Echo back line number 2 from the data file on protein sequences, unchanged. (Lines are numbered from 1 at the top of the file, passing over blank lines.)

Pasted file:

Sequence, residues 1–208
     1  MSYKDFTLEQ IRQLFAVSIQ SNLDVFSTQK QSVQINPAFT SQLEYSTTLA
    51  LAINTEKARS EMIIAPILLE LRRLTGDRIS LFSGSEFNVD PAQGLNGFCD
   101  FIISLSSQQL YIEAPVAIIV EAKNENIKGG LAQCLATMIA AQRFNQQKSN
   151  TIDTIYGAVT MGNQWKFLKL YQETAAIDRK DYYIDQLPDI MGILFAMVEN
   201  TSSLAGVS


     1  MSYKDFTLEQ IRQLFAVSIQ SNLDVFSTQK QSVQINPAFT SQLEYSTTLA